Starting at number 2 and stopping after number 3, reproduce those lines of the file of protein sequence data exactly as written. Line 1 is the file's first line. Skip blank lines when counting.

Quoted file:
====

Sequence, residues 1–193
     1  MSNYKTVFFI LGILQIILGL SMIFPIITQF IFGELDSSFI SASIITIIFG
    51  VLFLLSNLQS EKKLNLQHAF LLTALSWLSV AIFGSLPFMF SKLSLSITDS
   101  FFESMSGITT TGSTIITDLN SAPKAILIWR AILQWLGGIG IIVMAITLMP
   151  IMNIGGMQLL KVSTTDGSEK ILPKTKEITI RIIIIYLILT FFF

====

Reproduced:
     1  MSNYKTVFFI LGILQIILGL SMIFPIITQF IFGELDSSFI SASIITIIFG
    51  VLFLLSNLQS EKKLNLQHAF LLTALSWLSV AIFGSLPFMF SKLSLSITDS